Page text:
Port of Bellingham Might Export Wood Pellets

While international headlines declare that the Paris climate agreements “may signal end of fossil fuel era,” and former U.S. vice-president, Al Gore, joins business leaders in welcoming “a transformation of our global economy,” the Bellingham Business Journal announces that the “Port Could Bring Wood Exports to Bellingham Shipping Terminal.” According to Port Commissioner Michael McAuley, it is all part of an Eastern Whatcom County “job creation plan for logging.”

WWU master’s student Jill MacIntyre Witt is seen here with environmentalist and 350.org co-founder Bill McKibben. Nicole Brown, also of Bellingham, was among the 15,000 demonstrators in Paris at the COP21 Summit.

WWU master’s student Jill MacIntyre Witt is seen here with environmentalist and 350.org co-founder Bill McKibben. Nicole Brown, also of Bellingham, was among the 15,000 demonstrators in Paris at the COP21 Summit.

Is the valuing of local trees as wood chips and wood pellets to be burned with coal in Asia Whatcom County’s contribution to the “end of fossil fuel era?”
How can we create a better pact than the Paris outcome?

The majority of participants at the Paris climate talks (see front page, “The Road to Paris And Where does it Lead Now?” by Jill McIntyre Witt) were not those paid by national governments, but rather representatives of communities of a different motive and scale — homelands from around the world. This matters, because it is indicative that individuals working collectively to influence local land use actions and lifestyle consciousness are more integral to climate solutions than any international agreements.

Paris was the time and place for frontline communities to articulate local achievements, to amplify how environmental degradation perpetuates racial, social, and economic inequities, and to mobilize concerted action for people and for nature. Like most communities mirrored in Paris, Whatcom County will experience sea level rise and freshwater scarcity; animals and plants once found here will face extinction or migrate; the Pacific Northwest landscapes will be transformed; and we will be faced with ethical and moral considerations towards our economy and jobs.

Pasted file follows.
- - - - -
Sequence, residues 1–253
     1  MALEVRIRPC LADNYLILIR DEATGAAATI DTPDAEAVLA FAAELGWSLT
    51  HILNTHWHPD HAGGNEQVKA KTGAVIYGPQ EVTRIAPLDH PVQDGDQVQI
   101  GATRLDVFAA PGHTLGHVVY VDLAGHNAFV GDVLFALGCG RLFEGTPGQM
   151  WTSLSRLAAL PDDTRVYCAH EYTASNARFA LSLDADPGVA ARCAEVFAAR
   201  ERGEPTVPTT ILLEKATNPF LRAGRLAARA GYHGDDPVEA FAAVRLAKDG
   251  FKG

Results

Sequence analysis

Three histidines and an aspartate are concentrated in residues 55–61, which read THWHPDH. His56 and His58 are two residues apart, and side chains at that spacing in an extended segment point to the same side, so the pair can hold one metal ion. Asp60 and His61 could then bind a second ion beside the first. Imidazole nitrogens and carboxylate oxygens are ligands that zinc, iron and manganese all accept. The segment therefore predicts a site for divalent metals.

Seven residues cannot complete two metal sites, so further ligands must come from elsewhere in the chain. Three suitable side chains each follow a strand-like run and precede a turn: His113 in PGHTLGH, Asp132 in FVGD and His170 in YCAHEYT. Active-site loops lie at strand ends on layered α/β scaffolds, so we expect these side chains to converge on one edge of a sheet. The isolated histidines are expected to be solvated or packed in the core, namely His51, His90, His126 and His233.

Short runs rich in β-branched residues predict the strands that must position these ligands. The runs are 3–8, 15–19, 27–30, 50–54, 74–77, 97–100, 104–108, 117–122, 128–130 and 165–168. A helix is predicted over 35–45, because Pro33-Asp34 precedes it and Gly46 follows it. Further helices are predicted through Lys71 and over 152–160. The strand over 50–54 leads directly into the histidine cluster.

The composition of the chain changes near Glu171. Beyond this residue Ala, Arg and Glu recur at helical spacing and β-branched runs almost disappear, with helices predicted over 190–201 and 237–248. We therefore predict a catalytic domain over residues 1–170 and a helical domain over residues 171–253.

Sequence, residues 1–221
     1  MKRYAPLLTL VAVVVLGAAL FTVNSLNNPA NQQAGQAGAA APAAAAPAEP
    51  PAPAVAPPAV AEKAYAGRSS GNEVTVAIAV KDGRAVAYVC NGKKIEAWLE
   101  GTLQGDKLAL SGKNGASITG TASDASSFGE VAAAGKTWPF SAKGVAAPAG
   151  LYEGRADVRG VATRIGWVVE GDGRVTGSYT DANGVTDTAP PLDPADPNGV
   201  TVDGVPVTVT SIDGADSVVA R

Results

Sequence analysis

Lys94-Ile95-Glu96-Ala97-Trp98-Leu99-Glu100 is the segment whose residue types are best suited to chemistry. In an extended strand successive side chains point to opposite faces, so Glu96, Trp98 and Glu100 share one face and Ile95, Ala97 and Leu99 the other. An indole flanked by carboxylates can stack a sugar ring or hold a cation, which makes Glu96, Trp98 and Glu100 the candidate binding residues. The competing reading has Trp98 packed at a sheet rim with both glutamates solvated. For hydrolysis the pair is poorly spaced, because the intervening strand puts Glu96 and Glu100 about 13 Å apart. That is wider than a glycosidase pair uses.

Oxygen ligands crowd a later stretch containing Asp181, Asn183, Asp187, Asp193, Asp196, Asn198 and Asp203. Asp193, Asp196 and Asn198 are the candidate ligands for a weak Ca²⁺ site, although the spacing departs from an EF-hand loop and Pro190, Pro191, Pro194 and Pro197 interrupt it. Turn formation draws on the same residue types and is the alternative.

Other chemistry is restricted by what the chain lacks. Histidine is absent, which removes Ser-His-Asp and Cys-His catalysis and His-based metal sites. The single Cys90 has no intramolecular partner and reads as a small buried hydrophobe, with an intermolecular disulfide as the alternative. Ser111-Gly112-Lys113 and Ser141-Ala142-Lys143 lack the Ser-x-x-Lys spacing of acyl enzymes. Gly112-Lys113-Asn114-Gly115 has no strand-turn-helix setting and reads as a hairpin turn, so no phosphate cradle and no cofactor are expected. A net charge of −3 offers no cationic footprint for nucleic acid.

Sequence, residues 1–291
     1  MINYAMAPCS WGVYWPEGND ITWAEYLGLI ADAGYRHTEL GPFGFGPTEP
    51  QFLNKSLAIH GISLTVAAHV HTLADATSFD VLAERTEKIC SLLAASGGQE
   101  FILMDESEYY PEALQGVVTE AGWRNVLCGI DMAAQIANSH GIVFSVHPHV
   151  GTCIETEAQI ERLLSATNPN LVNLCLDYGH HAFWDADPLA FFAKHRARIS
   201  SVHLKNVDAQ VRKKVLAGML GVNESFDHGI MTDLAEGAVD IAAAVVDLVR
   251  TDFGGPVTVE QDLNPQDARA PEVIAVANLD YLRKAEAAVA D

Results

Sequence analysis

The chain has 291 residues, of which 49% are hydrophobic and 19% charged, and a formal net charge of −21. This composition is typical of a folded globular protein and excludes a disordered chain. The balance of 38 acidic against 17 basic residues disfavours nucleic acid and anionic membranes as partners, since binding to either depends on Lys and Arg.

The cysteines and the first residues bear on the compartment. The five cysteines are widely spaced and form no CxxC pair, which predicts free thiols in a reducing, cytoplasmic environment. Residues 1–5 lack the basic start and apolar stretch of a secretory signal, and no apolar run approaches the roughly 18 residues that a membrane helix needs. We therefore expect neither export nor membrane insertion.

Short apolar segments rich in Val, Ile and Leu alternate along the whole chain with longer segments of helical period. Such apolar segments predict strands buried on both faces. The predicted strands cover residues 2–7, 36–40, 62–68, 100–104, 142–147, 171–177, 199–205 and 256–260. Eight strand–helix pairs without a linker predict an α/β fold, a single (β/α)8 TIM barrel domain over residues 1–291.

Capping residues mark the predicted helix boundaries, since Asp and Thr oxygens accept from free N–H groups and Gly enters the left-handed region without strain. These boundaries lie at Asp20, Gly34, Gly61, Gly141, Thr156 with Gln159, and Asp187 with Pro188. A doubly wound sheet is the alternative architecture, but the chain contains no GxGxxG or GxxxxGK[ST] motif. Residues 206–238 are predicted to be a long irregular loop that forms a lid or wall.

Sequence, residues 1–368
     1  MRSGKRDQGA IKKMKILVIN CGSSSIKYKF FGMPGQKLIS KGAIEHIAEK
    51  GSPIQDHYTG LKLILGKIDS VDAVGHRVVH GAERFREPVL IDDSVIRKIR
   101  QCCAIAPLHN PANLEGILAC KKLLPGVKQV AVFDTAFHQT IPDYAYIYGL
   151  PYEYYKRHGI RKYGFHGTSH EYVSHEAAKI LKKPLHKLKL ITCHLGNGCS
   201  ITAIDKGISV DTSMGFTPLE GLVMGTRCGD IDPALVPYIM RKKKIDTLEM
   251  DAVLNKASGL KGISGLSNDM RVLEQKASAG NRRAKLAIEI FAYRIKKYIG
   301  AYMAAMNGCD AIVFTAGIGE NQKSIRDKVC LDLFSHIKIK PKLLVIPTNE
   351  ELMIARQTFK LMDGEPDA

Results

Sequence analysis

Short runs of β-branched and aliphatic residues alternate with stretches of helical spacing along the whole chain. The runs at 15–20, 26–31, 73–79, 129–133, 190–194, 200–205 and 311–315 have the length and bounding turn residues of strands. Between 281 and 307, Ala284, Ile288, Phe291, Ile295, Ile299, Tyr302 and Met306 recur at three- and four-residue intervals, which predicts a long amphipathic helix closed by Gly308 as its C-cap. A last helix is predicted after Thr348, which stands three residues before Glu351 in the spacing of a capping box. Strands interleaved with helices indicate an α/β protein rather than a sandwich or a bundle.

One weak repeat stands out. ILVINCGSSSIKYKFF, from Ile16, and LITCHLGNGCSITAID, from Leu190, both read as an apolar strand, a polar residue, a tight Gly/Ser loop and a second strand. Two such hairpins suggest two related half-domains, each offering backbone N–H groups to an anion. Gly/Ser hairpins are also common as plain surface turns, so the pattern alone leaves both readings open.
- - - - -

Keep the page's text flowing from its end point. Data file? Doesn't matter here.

It may seem trivial to challenge the Community Food Co-op board’s decision to choose parking over mature trees and urban green space, but an understanding that I carried home from my experience in Paris was this: Climate action relies upon all of us to evaluate every land use and lifestyle action through a climate filter. Constructing and applying this climate filter requires a sea change of the mind. It is deeply psychological.

The activities surrounding the Port of Bellingham Commissioner’s consideration of a wood pellet export facility at the port involves continued destruction of forests, increased truck and ship traffic, production noise and fine particle pollution, all for eventual combustion and the release, rather than storage, of carbon dioxide in the atmosphere. This proposed exporting of our trees and the related destruction of our forests articulates a complex understanding of how local land use and lifestyle consciousness are more integral to climate solutions than any international agreements that “may signal end of fossil fuel era.”

How can we create a better pact than the Paris outcome?


 

How to Contact the Port of Bellingham Commissioners

Tell the Port of Bellingham Commissioners not to exchange local trees and forests — the carbon storage experts — as fuel for electricity-generating power plants in Asia.ß

Port of Bellingham Commission
1801 Roeder Avenue
Bellingham, WA 98225
Phone: (360) 676-2500; Fax: (360) 671-6411

President: Michael McAuley michaelm@portofbellingham.com
Vice President: Bobby Briscoe bobbyb@portofbellingham.com
Secretary: Dan Robbins DanR@portofbellingham.com
Executive Secretary: Diane McClain dianem@portofbellingham.com

For more information, contact: Jim Ace, 360-734-2951 x202 or JimAce@forestethics.org

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